For those of you who are not familiar with my past, I would like to share a few tidbits. 1.) I had my first salad when I was 19 and it was only because I was working at Tossed. They gave you a free salad after your shift. As a poor college student, a free meal is a free meal. 2.) When I eat scrambled eggs (rarely), the ketchup to egg ratio is greatly out of balance. It basically looks like a bloody massacre on a plate, with a sprinkle of very well done eggs. 3.) I don’t do fish or any sort of sea creatures.
Since meeting my husband in 1999, I have branched out culinary. He literally taunted me till I tried something new. The first month that we were together, I was at his apartment and he offered me some Bulgarian feta cheese (сирене). At that time, my cheese consisted of 2 sorts, “white american” and “yellow american”. Reluctantly, I tried it and immediately thought it was gross. The texture was crumbly and the taste was salty.
Having no choice but to eat what was prepared, I learned to love feta… especially on a Shopska (шопска салата). The love was so strong, that we named our Jack Russell “Feta”.
Over the last 10 year, I have slowly begun to conquer my own culinary frontiers, which brings me to reflect on 2009. Here are some of the barriers that have been broken:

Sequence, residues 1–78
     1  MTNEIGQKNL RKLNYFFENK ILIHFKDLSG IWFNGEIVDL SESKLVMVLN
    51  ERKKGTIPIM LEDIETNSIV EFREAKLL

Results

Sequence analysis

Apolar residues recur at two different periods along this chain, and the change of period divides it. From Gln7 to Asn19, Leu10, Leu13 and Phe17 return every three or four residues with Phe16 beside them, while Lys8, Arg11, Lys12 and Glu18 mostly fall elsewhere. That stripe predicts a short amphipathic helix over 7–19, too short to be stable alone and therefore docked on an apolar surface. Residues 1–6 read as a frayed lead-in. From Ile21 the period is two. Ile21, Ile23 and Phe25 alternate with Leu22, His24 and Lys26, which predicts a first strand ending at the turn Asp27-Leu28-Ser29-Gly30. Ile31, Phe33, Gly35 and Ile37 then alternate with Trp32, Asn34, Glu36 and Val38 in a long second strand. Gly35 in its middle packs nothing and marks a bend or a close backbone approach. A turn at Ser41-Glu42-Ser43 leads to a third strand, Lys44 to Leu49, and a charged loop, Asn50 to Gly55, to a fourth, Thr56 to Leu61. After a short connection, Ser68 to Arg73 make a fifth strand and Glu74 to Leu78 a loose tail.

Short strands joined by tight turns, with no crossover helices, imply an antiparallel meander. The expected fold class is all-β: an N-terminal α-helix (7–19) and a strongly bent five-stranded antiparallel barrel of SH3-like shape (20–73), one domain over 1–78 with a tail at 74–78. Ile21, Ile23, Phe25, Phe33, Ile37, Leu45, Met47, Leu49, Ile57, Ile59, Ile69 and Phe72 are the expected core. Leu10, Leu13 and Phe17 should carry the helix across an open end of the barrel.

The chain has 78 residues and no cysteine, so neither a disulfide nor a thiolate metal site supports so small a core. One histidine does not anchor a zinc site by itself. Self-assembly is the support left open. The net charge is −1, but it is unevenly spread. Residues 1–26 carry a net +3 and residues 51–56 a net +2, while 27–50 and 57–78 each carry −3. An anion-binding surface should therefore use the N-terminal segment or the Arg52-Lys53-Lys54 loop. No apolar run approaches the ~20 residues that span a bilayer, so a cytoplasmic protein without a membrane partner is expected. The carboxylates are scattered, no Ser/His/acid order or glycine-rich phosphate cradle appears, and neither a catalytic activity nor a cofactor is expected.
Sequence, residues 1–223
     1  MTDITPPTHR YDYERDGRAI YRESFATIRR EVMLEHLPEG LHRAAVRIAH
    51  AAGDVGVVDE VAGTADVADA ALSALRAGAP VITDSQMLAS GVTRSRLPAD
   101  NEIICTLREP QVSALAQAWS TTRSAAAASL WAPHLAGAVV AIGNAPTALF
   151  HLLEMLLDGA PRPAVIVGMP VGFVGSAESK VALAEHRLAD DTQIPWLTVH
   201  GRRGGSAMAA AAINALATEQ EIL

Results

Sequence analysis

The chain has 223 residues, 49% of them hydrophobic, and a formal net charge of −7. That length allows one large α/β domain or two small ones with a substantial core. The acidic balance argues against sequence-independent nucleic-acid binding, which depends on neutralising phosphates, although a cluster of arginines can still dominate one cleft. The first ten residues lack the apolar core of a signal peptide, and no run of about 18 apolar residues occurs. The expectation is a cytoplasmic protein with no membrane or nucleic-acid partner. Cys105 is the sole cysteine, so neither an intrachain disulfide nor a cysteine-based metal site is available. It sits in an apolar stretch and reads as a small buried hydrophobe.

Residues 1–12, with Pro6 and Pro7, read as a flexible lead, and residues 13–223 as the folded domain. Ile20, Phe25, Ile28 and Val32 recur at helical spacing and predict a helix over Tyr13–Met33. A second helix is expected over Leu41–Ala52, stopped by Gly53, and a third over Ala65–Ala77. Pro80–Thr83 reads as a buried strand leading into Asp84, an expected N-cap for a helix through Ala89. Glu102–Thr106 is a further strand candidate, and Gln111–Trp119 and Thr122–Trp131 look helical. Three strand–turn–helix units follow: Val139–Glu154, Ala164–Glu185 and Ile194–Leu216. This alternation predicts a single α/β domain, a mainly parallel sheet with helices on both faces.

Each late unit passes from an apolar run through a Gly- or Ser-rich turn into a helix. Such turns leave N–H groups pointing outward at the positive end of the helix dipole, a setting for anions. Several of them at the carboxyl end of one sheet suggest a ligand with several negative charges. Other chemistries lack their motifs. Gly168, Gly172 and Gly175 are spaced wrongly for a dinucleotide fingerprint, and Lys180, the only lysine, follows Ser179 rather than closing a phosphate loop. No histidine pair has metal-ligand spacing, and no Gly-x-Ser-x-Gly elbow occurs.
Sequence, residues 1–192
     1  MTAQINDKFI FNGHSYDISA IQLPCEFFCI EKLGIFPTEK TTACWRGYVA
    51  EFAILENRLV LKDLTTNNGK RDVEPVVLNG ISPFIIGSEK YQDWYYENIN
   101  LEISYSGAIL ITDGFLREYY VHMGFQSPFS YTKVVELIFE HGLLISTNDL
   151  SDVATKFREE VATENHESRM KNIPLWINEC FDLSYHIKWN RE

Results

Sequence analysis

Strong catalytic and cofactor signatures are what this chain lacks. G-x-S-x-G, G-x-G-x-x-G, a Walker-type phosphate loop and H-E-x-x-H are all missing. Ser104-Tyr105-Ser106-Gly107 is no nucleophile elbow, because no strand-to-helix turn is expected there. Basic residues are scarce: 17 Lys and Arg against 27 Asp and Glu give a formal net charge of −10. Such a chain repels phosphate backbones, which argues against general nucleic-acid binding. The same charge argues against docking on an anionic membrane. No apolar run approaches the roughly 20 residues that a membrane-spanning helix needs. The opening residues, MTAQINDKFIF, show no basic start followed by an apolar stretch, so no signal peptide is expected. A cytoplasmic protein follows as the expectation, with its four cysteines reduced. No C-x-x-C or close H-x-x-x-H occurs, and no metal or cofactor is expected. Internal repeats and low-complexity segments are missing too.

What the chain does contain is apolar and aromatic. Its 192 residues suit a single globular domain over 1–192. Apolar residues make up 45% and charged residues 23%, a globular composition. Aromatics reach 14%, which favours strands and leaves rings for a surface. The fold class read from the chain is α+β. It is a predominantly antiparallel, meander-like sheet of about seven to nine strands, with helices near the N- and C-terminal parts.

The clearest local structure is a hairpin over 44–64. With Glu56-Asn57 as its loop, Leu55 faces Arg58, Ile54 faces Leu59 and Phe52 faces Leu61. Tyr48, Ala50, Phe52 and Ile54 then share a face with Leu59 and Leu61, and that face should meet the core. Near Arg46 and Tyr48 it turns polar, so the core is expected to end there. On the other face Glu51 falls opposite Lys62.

I ate plain yogurt for the first time. Sally and I were in Greece and she was looking for some Total Yogurt and Honey pots, which are known as Fage in the US. I bought some to try and thought they were ridiculously delicious. After they ran out, I tried to recreate the experience with plain yogurt and jam, which then lead me to adding muesli/ granola and now, my favorite breakfast food.
Eggs are a huge taboo in my family. My father detests eggs and anything that he consciously knows to contain eggs. This stems from his father, but the egg-phobia is pretty well ingrained into my father and my uncle. As I mentioned earlier, I have eaten ketchup and eggs, but that was the extent of my egg experience. This year at the Slow Food dinner, they served a salad with quail eggs. I didn’t want to seem different because I wasn’t eating my eggs or give the impression that I didn’t like my salad, so I tried them. The result: Eeh! They didn’t taste egg-y, but they didn’t really taste like anything either.
Working at the Hilton, has also forced me to try new things, not because they hold a gun to my head, but if you want to be a good cook, you need to know how the food you’re preparing tastes. Common sense really. Last week, I had to prepare deviled eggs with tuna as a hors d’oeuvre. I made the mixture as instructed, but when it came time to season it, I struggled with myself internally and then decided to not be a “wussy” and taste the yolk-tuna mixture. Again: Eeh! The taste was really nothing special, but it wasn’t gross. I continued to taste till I felt satisfied with my creation. I then offered some to one of the other chef’s in the kitchen, just to make sure I was on the right track. She replied that she doesn’t eat fish. I just chuckled to myself for a moment.
Next year, my husband wants me to try his favorite soup… tripe. Here is an excerpt of our last conversation about the subject.
Angel: Have you ever been in a barn, where they keep animals.
Angel: Well, tripe soup taste likes that smells!